Oliver Sweeney’s Renewal

With different owners, a new store and fresh product, Oliver Sweeney has undergone sweeping changes.

When the founder launched his namesake footwear brand in 1990, he set out to deliver an alternative to the prevailing looks of English shoe stalwarts such as Barker, Grenson and Church’s. He developed an Italian-made collection that featured unusual toe shapes, decorative seaming and punching detailing as well as a well-researched anatomical last. As a wholesale and retail business, the shoes quickly became popular with such megastars as David Beckham, Will Smith and Brad Pitt.

Everything changed four years ago, when 55-year-old Sweeney had a stroke and ceased playing such an active role in the business. Then, in 2009, after attempts to move the brand forward, Oliver Sweeney went into administration (the British equivalent to bankruptcy).

News of Sweeney’s hard times reached Tim Cooper, co-founder of OPS, the $30 million company that supplies many well-known British shoe chains and distributes Steve Madden in the U.K. The former managing director of Marks & Spencer footwear supplier Lambert Howarth joined forces with Amery Capital, a fund set up by former M&S Director Maurice Helfgott. Last June, the pair acquired Oliver Sweeney through the newly formed company McFL Trading.

“As an admirer of Oliver Sweeney for almost 20 years, the opportunity to invest in the brand to ensure the success it deserves in the U.K. and around the world was enormously appealing,” said Helfgott. “The potential of this international expansion and the option to introduce new product to strengthen the brand was a huge catalyst for interest and is undoubtedly where we see the first area of focus for the business.”

Minor shareholder Sweeney is still involved in design, however, Cooper and Helfgott bolstered the design team last July, bringing in Joachim Sedelmeier and Mark Walker, who operate their own footwear label Skive, to start with the brand’s spring ’10 collection.

The 50-strong Oliver Sweeney main collection of seamless derbys, suede moccasins and styles with elongated or asymmetrical toe shapes is still made in Italy, but in new factories. Retail prices average from $320 to $457.

“We have focused heavily on retaining and protecting the Oliver Sweeney brand handwriting,” said Cooper. “Going forward, we know that a large proportion of our sales comes from repeat business, and, as such, we are fortunate in having a customer base that we know well and can deliver to.”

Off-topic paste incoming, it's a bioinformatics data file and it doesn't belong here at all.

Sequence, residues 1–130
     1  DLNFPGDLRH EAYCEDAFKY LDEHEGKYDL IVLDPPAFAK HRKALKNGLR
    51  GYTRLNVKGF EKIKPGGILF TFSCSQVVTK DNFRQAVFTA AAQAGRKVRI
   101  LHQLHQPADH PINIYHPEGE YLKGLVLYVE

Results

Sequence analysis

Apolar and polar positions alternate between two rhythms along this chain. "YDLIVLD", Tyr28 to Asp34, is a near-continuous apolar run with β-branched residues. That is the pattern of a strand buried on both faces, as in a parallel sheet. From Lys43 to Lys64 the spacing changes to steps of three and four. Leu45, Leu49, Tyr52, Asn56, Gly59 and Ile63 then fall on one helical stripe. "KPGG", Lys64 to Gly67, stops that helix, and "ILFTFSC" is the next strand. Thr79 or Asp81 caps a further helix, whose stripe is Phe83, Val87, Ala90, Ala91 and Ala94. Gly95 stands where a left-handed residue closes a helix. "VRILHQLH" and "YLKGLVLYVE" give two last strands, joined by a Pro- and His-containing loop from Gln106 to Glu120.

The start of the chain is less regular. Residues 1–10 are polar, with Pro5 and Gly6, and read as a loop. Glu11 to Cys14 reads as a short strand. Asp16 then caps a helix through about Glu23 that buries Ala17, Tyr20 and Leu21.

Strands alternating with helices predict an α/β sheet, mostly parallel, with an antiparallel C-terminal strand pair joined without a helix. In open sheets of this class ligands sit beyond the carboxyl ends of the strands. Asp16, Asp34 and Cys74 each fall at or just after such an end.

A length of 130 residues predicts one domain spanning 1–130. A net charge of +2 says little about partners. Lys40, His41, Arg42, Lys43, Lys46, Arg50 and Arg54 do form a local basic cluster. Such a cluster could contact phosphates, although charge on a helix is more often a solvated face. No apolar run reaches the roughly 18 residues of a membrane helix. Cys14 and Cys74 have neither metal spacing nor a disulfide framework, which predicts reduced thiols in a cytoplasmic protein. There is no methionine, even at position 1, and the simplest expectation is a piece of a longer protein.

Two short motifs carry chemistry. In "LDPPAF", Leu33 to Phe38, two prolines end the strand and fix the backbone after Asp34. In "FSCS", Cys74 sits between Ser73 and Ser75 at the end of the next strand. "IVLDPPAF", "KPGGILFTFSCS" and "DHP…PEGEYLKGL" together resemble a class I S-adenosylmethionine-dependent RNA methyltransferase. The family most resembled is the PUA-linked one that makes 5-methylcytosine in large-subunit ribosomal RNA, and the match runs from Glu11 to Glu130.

Additionally, the brand has introduced a number of options at lower price points. A selection of sneakers, a Goodyear-welted line and the Oliver Sweeney London collection featuring full calf leather linings and Blake constructions all start around $200. A capsule collection of high-tops has also been developed exclusively for Harvey Nichols for spring ’10 and arrives in stores this week. And the brand will unveil a limited-edition World Cup collection, which hits shelves at the end of May.

Cooper said that casual product has enormous opportunity, and the brand is now better able to explore that category. “Within the new business structure we have the factory base to deliver, and interestingly, the casual section of our Website is the most visited,” he said.

The accessories category has also grown. “We’ve tried to move away from accessories that are just leather,” he continued. New fall ’10 items include socks, belts, gloves, hats and scarves as well as stingray Moleskine notebook covers.

The restructuring has been well received by retailers.

“We’re very positive about the changes under the new management,” said Derrick Hoyle, product manager and buyer at shoe chain Sole Trader. “Two years ago we approached Oliver Sweeney to do a diffusion line, so we’re elated that they’ve gone ahead and done it. We have Oliver Sweeney London exclusively until March and sell it in 20 of our stores — many more than we would have been able to with the main line.”

Neil Steptoe, head of men’s buying at Kurt Geiger, said the chain has also bought into the London line, which appeals to a slightly different customer. “The product they offer has always been fairly formal with an eccentric twist, and this has helped them carve out their own niche and build up a loyal following,” said Steptoe, who added that the range will sit within premium departments in Harrods, Selfridges, House of Fraser and Fenwick. “Since Tim Cooper has come on board, the business seems to be moving forward at full speed.”

Cooper has also made changes to Oliver Sweeney in retail. One of the three stand-alone stores (two in London and one in Leeds) relocated from New Bond Street to a 641 square-foot store on Conduit Street, home to top international retail names like Vivienne Westwood and Banana Republic and just around the corner from Savile Row. The store was designed by Urban Salon and displays shoes on a continuous shelf that wraps around the length of the store. Meanwhile, accessories are hung on 169 specially designed hooks. Three more U.K. stores — in London, Manchester and Edinburgh— are planned for this year.

Next, Cooper will visit the U.S. and Far East to explore international expansion. He said, “No British men’s shoe company has ever been able to completely crack the U.S. market.” But he said he’s hoping to do just that.

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